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Religious Jewish girls in Israel like to rock
Posted By ISRAEL21c Staff On June 18, 2009 @ 12:00 am In | No Comments
Six Orthodox Jewish women have formed their own rock band, giving women from their community the first opportunity to let loose in a girls-only environment.
If there is one thing that religious girls in Israel like to do on holidays and celebrations, it’s dance. But Orthodox prohibitions prevent them from forming their frenetic dancing circles in front of men. Considered immodest, the religious Jewish girls put up a curtain in front of the men – who are usually the ones playing the dance music – instead.
“But it feels like we are dancing to a tape recorder,” says Inbar Gassner, 22, who is the bass guitarist in Israel’s first all-female religious rock group. Comprised of six musicians, the band called Ashira “she will sing,” formed three years ago so that women from the religious community could have the same fun at parties as men.
Today Ashira is making headlines around the world, for its women-only policy at concerts. They are also striking a chord among Israel’s secular audience as well, despite the fact that their songs all have a religious theme. Their upcoming album will have a warning label: for women only.
“At first the idea was Pnina Weintraub’s, the violinist,” Gassner tells ISRAEL21c. “She was very angry because during all the dancing circles we do at schools and during the holidays like Purim, Passover and Rosh Hodesh we would have to bring a man to come play.
“It was very annoying that there are no girl bands that could play music without the separation. Pnina had a dream, her first dream was a band of girls who can play music in front of girls so they could dance and have fun.”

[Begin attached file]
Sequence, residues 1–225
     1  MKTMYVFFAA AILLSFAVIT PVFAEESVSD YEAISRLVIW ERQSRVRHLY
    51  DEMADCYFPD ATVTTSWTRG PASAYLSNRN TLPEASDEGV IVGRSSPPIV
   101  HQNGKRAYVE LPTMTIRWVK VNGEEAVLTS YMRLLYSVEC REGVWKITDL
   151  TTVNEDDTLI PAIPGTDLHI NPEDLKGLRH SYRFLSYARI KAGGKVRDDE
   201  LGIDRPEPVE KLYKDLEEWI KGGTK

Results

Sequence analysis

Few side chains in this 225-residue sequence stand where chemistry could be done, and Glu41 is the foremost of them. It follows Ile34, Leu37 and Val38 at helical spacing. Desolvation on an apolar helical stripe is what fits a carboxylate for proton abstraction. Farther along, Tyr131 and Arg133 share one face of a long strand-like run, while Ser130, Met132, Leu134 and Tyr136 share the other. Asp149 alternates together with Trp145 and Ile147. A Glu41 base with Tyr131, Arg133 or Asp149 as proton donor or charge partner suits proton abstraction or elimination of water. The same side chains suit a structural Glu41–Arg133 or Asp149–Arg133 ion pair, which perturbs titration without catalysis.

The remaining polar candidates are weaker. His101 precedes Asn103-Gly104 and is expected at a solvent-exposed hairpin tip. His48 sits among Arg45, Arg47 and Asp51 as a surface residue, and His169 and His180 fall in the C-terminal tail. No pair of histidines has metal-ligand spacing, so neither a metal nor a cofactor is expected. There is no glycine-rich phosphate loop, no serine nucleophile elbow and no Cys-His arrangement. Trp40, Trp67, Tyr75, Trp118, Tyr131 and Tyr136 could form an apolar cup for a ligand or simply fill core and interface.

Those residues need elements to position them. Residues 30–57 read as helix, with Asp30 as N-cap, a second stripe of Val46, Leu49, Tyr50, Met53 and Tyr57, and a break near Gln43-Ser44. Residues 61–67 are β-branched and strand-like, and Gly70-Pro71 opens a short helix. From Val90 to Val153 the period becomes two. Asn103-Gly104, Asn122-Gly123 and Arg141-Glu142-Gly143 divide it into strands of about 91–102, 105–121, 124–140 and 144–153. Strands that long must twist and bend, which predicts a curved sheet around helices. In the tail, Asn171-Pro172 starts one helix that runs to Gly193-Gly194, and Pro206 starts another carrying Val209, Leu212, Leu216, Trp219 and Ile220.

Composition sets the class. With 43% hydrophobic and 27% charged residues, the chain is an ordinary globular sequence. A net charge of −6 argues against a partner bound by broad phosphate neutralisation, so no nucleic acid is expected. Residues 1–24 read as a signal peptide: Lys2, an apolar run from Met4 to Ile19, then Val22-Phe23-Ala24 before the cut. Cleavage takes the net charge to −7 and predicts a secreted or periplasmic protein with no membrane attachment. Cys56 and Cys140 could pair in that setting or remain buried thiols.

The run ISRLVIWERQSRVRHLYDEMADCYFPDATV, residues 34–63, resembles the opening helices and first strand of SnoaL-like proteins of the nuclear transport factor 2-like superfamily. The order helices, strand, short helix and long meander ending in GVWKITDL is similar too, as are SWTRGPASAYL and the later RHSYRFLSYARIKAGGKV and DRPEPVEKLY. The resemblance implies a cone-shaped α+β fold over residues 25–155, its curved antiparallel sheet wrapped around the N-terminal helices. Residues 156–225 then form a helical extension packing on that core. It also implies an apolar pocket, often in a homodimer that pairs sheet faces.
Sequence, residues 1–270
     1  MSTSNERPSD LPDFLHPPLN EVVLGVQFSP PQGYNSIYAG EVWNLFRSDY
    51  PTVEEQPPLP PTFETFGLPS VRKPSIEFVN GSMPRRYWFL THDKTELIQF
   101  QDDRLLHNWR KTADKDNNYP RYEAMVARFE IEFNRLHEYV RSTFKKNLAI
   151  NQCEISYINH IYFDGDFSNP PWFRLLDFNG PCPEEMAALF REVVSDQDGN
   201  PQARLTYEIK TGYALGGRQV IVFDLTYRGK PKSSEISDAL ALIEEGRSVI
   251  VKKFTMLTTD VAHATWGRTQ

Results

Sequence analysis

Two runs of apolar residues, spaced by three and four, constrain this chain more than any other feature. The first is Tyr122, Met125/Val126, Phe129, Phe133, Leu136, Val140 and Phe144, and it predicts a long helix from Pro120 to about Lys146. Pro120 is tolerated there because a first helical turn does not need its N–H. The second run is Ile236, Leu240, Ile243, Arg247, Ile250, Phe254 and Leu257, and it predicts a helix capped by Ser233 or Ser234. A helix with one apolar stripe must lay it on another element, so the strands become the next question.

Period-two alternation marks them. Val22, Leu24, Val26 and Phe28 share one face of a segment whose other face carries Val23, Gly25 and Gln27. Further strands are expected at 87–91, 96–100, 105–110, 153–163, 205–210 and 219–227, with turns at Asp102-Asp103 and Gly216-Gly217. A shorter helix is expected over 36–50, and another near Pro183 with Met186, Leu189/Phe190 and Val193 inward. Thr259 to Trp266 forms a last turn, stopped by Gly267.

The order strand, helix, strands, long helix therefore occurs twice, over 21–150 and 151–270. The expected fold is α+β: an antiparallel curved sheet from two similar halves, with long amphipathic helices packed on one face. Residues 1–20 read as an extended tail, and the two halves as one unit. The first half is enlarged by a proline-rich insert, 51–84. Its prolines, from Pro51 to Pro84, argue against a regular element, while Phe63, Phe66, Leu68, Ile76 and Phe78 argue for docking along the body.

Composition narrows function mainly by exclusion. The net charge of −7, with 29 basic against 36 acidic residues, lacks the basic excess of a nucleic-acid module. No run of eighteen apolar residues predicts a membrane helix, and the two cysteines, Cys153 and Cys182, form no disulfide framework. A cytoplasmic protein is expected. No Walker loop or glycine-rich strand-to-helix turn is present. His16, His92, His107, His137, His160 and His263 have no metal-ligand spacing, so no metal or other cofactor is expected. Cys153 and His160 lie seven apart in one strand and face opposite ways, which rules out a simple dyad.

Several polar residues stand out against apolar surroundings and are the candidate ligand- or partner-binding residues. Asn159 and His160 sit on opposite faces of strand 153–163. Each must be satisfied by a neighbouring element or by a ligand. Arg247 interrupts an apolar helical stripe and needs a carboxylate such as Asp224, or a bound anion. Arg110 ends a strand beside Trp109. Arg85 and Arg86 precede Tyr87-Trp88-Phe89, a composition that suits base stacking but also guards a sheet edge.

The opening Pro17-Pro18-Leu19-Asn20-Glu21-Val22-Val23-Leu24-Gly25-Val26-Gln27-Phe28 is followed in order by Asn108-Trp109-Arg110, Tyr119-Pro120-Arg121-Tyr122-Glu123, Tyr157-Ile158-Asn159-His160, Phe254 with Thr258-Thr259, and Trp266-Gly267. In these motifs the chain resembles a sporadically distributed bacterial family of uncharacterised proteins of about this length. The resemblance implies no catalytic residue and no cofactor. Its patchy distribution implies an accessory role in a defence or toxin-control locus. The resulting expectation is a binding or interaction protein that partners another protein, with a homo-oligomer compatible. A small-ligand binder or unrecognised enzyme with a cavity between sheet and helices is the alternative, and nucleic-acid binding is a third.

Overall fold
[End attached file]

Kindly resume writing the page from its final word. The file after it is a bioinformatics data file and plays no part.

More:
A show their husbands will never see
Pnina, who was studying at Bar Ilan University outside of Tel Aviv turned to a friend Yael Taitz who played flute, with the aim of starting a band.
They found Inbar, then a drummer – Maayan Schweitzer, a guitarist – Lia Bagrish, and now they are working with their second singer, Hagit Tawil, who they found after auditioning about 20 women.
At first they started playing at women’s seminary colleges, and small halls during the Jewish holidays when live music is permitted.
Although three of them are married, their husbands will never get to see them perform, since the modesty rule works in both directions: religious Jewish men are not permitted to hear the voice of a woman who is not his wife. They are also not allowed to see women dancing.
Rock is for letting loose
“Whoever invented rock did it for people to let loose,” Weintraub told the <i>Associated Press</I>: “It’s not just sex, drugs and rock ‘n’ roll. Our music is very liberating, and that is very important for our community.”
The band plays Irish music, rock music, Jewish music, and songs that they’ve written. “We play lots of genres of music,” says Inbar who is hoping to become big in Israel.
“We play everything that makes sense for the songs. We do covers for Jewish songs and we combine them with our songs. This way the audience will know some of the songs, and will feel comfortable,” says Inbar who is married and lives in Petah Tikva.
The other band members live in the greater Tel Aviv region as well, while practices are held at Bar Ilan University or at Maayan’s house.
Ashira is convinced that the music they are making is on a par with the music the guys get to listen to at their men-only parties. At Ashira’s last show in Jerusalem about 300 women turned out, both religious and secular. And there is one more twist: they pray before they sing.
Until recently, Ashira hadn’t thought that much about performing outside Israel. But that’s changed. “Invite us and we will come,” says Inbar.
Take note that all the men will be locked out of the show.
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